James Dewar lecturing on liquid hydrogen

'Sir James Dewar Lecturing on Liquid Hydrogen at the Royal Institution', 1904 by Henry Jamyn Brooks.


Discover who's who and what's happening in this historic depiction of James Dewar's 1904 Friday Evening Discourse.

  • Key stage

    All ages

  • Subjects

    James Dewar, Friday Evening Discourses, Faraday theatre,

  • Media

    Interactive image via thinglink.com


This image depicts a formal lecture to Members of the Royal Institution by James Dewar. The audience includes many famous people from science, industry and politics including Lord Rayleigh, Lord Kelvin and Arthur Balfour, the Prime Minister of the time. While supposedly depicting an actual event, the artist, Henry Jamyn Brooks, wanted to make sure that he did not leave anyone important out, whether or not they were really there or even alive at the time.

These lectures, known as the Friday Evening Discourses were a stage for scientists to show their latest research and were usually loaded with demonstrations. The apparatus would all be set up on the bench before the lecture and the lecturer would come to each experiment in turn. Huge sheets of calico with relevant diagrams helped the audience follow the thread of the lecture.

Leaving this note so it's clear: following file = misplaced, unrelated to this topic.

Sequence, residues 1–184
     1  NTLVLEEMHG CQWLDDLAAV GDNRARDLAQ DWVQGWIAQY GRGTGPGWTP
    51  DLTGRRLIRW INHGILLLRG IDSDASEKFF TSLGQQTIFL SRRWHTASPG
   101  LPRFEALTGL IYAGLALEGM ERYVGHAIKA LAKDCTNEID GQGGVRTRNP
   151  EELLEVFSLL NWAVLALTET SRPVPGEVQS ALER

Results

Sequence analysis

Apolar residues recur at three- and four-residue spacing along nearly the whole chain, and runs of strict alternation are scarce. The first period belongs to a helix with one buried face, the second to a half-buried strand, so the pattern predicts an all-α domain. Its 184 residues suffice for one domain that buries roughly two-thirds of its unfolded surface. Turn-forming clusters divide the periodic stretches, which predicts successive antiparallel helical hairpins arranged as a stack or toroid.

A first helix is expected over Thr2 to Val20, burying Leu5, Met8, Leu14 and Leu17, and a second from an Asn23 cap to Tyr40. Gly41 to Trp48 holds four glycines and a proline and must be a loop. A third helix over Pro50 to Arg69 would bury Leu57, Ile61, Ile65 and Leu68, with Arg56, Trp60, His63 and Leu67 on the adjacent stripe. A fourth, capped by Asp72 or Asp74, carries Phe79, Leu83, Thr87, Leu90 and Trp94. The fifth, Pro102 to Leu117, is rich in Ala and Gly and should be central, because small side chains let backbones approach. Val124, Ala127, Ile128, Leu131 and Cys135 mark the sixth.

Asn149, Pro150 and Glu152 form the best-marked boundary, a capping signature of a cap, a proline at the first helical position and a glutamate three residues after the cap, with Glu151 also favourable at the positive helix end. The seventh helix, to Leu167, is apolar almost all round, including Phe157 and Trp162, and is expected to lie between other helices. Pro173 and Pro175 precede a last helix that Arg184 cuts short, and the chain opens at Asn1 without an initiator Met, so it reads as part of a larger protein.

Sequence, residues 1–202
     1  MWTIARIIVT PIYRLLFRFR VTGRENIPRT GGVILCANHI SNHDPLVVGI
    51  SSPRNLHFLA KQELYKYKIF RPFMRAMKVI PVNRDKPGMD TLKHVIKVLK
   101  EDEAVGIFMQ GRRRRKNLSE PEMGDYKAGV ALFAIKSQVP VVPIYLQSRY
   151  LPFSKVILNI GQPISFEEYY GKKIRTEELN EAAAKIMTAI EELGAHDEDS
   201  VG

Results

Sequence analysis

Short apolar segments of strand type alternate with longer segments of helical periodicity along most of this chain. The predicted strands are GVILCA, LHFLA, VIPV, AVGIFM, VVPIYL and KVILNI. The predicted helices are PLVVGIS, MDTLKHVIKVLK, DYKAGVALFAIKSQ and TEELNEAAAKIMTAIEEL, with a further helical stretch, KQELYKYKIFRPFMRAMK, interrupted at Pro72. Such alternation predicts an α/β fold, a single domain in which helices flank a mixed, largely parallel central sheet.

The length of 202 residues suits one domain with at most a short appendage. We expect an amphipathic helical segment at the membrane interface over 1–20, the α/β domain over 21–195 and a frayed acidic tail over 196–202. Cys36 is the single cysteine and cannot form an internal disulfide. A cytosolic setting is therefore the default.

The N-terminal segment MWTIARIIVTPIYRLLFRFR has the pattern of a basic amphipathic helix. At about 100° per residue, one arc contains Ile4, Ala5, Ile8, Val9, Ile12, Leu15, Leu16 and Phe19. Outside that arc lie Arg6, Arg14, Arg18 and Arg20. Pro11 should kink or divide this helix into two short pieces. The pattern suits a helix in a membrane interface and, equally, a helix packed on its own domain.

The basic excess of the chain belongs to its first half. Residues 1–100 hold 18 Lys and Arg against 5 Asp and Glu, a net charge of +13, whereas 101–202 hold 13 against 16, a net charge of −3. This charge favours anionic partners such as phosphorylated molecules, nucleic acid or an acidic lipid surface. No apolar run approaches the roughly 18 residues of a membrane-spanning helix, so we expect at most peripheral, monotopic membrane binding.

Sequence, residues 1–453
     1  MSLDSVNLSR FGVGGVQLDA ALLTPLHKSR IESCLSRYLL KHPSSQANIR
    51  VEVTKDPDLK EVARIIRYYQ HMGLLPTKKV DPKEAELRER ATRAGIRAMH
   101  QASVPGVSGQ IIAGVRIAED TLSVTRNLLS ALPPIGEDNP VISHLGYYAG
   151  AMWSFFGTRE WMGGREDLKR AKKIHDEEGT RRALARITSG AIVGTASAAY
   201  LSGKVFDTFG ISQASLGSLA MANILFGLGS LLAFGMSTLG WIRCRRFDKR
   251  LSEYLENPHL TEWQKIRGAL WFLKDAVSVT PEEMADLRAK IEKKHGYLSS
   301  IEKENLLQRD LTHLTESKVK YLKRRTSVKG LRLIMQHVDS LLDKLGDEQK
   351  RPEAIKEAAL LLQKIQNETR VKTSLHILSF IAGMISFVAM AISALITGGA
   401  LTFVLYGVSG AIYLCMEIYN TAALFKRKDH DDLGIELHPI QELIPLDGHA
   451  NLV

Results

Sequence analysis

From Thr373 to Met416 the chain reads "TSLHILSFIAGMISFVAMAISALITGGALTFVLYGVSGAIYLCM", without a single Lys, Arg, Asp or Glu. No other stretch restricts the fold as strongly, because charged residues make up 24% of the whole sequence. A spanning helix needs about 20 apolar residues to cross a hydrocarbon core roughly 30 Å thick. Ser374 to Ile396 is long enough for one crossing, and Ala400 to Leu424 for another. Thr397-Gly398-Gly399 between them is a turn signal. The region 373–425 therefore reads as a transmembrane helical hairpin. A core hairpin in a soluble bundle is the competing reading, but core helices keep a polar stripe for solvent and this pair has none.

Dewar was famous for being the first person to liquefy hydrogen by cooling it to 252.87°C. It was a dangerous process: Robert Lennox, one of his assistants, was caught in an explosion and lost an eye. You can see him in the background, turned away from the viewer to hide the scars. Dewar also invented the vacuum (thermos) flask to minimise heat loss and so keep gas liquid for as long as possible.

Image key

Brooks included so many famous people in the audience of this painting that we couldn't possibly tag them all. If you'd like to see who else is depicted you can download a full list, along with a numbered image key, on the right.

What's On

Fancy joining the audience yourself? Find out what's on at the Ri, from exciting family events, to historic Friday Evening Discourses.

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